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RE: [xml-dev] XML's place in the world

Hi Folks


Well, I apologize for no hard data here but feel free to contest what I say then I will try to find some data:


XML is a leading open content format and is a leading open data format.  The key term is "open" - which herein means there are lots of tools, it has an exchange format (text) and it is backed by a number of open standards that flesh it out in many dimensions. 


As an open format XML has gone further than any other such format in the history of computing.


There are other important open data standards - CSV in the past and now JSON as well as SGML.  None of these have seen the breadth of application and number of adoptions as XML (measured in kilograms).




From: Mike Sokolov [mailto:sokolov@ifactory.com]
Sent: Thursday, November 12, 2009 12:04 PM
To: Michael Kay
Cc: 'Simon St.Laurent'; xml-dev@lists.xml.org
Subject: Re: [xml-dev] XML's place in the world


what it is fashionable to talk about, and what people are actually using. 
I could offer book sales data, in which XML book sales have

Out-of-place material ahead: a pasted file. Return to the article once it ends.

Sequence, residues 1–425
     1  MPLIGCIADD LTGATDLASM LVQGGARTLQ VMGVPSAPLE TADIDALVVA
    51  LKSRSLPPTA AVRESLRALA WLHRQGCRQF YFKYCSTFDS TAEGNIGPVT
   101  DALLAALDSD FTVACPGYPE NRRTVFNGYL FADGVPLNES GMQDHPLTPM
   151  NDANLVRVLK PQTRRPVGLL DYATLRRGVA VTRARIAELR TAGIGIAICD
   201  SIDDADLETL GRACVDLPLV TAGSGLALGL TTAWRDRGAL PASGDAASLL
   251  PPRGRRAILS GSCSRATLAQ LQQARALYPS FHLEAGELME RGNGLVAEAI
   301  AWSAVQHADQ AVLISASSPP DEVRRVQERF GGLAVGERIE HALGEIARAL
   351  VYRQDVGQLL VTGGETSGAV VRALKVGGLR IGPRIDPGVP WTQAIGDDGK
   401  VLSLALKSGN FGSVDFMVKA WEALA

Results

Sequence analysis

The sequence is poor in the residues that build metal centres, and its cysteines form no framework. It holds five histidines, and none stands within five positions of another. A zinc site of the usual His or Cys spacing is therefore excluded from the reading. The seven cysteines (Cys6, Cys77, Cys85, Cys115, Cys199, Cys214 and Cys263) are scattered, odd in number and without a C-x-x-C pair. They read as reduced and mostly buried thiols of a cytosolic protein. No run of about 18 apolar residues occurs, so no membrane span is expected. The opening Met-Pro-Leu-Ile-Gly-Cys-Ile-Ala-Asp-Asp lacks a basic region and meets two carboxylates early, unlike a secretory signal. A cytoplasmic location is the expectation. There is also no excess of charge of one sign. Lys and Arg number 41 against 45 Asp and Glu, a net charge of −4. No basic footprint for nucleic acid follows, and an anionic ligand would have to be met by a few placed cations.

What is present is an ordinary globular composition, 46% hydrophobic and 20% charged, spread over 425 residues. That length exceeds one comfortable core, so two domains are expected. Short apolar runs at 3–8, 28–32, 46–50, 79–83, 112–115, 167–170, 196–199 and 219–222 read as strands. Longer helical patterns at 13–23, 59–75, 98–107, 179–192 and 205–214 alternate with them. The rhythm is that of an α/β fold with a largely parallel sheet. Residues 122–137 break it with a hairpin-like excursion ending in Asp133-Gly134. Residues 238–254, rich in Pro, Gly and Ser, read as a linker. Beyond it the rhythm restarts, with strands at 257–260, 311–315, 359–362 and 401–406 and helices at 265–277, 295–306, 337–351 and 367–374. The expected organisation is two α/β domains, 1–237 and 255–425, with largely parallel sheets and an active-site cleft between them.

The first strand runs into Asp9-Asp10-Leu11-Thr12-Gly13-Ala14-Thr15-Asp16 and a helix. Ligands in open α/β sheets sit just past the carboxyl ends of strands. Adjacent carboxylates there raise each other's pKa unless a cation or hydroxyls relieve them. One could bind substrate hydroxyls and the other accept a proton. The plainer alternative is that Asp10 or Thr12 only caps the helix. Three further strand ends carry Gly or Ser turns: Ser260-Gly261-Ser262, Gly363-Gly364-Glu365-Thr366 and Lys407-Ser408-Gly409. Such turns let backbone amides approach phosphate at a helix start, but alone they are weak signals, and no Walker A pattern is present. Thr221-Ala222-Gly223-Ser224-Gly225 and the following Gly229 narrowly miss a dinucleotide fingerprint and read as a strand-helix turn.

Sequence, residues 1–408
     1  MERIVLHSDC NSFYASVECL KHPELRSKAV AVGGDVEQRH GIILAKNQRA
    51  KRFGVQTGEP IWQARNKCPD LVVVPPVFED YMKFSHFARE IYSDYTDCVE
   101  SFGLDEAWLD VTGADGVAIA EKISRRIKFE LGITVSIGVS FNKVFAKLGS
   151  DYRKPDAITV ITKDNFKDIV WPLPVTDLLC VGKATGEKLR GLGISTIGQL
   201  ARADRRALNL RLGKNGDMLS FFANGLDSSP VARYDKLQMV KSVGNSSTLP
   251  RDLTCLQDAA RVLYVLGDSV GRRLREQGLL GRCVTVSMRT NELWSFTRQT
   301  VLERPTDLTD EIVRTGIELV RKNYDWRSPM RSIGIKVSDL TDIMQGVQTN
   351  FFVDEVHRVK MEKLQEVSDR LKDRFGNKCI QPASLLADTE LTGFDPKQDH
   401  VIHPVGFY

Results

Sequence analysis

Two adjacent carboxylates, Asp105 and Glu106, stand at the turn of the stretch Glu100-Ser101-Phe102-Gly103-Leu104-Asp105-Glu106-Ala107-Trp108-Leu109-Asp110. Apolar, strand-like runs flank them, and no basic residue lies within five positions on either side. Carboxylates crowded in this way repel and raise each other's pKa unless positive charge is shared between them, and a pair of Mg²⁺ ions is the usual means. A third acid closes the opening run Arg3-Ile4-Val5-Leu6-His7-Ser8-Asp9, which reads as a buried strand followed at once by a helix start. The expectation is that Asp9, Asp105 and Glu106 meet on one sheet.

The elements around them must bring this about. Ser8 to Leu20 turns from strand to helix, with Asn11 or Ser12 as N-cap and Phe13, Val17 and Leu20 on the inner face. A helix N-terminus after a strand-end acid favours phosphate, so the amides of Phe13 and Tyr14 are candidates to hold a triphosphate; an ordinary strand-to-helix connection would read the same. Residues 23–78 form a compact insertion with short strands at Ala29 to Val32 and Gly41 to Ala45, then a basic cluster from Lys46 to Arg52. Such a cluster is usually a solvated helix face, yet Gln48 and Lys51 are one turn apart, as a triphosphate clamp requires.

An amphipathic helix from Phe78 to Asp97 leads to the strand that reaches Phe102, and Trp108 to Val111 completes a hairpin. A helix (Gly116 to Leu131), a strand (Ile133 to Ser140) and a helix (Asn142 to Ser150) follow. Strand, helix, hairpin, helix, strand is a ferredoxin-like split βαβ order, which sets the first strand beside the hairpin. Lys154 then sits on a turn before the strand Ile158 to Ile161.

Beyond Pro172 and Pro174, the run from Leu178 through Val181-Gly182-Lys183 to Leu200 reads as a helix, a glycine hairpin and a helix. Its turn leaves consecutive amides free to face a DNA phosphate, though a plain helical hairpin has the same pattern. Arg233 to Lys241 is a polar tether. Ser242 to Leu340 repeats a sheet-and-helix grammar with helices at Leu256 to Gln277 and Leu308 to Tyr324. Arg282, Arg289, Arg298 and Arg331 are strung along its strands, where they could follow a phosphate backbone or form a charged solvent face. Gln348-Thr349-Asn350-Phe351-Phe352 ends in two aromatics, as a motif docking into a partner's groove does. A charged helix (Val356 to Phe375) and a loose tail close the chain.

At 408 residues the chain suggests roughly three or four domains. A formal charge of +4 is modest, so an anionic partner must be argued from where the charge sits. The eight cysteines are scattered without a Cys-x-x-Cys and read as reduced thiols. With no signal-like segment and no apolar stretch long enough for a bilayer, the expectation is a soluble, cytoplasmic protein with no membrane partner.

plunged well below the fall of the rest of the market, but I 
suspect that's not very interesting as it effectively 
measures the volume of chatter people are willing to pay for...
I have a theory that the people who buy books about a technology tend to be
early adopters. (Late adopters go on training courses, or learn from their
colleagues, or learn by trial and error.) There aren't any early adopters of
XML any more. People are doing their third or fourth project, and you don't
need new books for that. 
Michael Kay

And I thought y'all were discussing the sales of books formatted *as* XML! I'd be interested in comparative sales data there, if you have it.  I suspect the volume is rapidly increasing, especially if you consider EPUB to be fundamentally XML, even though it is only XHTML.  Certainly I don't see anyone proposing to offer books in JSON format, or as SQL databases or name/value stores or whatever.

But this merely supports the point that XML continues to provide value in its core sweet spot.  I don't have any evidence about non-document-oriented XML usage.


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